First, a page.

If we are to believe many science fiction movies, one day throngs of people wearing skin-tight silver spandex jumpsuits will be riding around on hovercraft. Hovercraft haven’t really taken the world by storm, but [Fitim-Halimi] built his own model version and shows you how he did it. You can see the little craft moving in the video below.
In theory, a hovercraft is pretty simple, but in practice they are not as easy as they look. For one thing, you need a lot of air to fill the plenum chamber to get lift. That’s usually a noisy operation. The solution? In this case, a hairdryer gave up its motor for the cause. In addition, once floating on a near-frictionless cushion of air, you have to actually move without contacting the ground. Like many real hovercraft, this design uses another fan to push it along. You can see in the video that the designer uses Jedi hand motions to control the vehicle.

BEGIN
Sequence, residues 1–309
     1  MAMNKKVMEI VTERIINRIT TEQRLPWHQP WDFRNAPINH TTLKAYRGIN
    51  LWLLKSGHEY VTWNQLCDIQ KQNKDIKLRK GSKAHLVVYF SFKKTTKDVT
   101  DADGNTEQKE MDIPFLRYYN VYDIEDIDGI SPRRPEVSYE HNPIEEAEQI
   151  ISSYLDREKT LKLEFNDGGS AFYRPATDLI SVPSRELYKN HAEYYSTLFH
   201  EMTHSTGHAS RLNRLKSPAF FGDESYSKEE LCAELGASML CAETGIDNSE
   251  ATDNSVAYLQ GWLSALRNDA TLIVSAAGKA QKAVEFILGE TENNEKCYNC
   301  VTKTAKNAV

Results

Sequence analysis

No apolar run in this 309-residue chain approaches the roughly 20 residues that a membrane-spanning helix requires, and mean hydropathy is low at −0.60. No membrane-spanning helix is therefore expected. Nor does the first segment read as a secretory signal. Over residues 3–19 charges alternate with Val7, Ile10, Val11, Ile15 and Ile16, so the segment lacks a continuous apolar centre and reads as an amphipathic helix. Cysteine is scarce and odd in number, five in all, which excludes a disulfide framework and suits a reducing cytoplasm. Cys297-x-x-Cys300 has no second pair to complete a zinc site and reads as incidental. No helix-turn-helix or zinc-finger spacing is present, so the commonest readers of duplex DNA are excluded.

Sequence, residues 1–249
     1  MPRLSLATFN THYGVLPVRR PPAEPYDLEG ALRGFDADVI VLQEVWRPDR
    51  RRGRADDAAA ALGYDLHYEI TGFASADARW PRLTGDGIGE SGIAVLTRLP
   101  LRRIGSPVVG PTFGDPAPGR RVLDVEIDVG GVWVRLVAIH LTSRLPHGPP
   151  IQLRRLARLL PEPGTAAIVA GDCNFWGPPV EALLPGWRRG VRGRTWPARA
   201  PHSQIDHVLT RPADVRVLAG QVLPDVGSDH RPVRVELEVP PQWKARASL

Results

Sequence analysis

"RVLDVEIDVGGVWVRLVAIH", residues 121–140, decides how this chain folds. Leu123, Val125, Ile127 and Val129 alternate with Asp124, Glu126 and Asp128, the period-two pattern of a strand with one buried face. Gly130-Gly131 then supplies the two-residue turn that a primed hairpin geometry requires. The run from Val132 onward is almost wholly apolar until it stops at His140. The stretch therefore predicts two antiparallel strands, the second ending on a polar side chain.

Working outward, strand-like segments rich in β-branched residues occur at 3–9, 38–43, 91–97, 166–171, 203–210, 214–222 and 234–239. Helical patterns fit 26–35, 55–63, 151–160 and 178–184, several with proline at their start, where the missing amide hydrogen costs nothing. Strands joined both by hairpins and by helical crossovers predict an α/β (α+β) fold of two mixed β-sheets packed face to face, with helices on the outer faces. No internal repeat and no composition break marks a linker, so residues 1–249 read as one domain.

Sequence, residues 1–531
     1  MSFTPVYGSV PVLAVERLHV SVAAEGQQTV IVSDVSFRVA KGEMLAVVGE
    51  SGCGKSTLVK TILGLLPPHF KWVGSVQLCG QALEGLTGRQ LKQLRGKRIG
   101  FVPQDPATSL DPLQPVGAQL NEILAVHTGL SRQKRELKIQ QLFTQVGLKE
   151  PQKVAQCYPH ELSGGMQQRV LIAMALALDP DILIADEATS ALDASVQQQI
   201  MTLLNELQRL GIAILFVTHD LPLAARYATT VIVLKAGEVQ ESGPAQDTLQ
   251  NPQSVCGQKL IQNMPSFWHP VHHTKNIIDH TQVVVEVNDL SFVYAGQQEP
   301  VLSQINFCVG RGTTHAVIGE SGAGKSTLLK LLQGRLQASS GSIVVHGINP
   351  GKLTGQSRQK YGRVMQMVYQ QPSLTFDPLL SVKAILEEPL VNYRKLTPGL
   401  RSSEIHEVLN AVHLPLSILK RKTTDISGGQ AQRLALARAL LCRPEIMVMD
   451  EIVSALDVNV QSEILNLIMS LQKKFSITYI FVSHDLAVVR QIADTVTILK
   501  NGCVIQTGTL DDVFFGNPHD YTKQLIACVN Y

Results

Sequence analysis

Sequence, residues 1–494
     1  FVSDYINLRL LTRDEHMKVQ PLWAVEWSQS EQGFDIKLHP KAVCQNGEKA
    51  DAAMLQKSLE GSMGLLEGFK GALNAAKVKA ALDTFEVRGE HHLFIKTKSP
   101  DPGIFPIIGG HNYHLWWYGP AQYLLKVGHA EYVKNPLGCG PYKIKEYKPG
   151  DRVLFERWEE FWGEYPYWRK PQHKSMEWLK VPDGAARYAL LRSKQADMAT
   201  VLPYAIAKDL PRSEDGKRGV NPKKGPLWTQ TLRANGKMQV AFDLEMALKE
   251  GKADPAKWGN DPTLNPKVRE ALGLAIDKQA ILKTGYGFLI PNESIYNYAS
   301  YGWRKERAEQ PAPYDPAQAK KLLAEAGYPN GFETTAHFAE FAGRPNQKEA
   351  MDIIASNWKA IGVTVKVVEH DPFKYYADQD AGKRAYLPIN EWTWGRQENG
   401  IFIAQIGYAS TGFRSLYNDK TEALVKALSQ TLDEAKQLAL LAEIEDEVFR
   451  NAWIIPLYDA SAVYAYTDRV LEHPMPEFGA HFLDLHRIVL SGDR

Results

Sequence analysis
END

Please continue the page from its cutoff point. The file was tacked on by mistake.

The good news is the motors just go one way, so there is no need for an H-bridge to reverse the motors. A simple FET switch turns them on or off. There is a servo motor to move a rudder that redirects the thrust fan’s air output.
If you want to try this yourself, there are schematics and source code on GitHub. We wondered how hard it would be to put a sensor on board and make an interesting twist on a line following robot, or maybe prevent it from hitting walls. Perhaps a reverse thrust fan would be useful, too. In fact, two extra thrust fans, each 120 degrees apart, could give you interesting options.
We liked the idea of foamboard for the body to reduce weight. We’ve seen meat packing trays used before. If you didn’t read our post on the history of the hovercraft, you might be surprised how old the idea really is. We keep waiting for our winged hovercraft.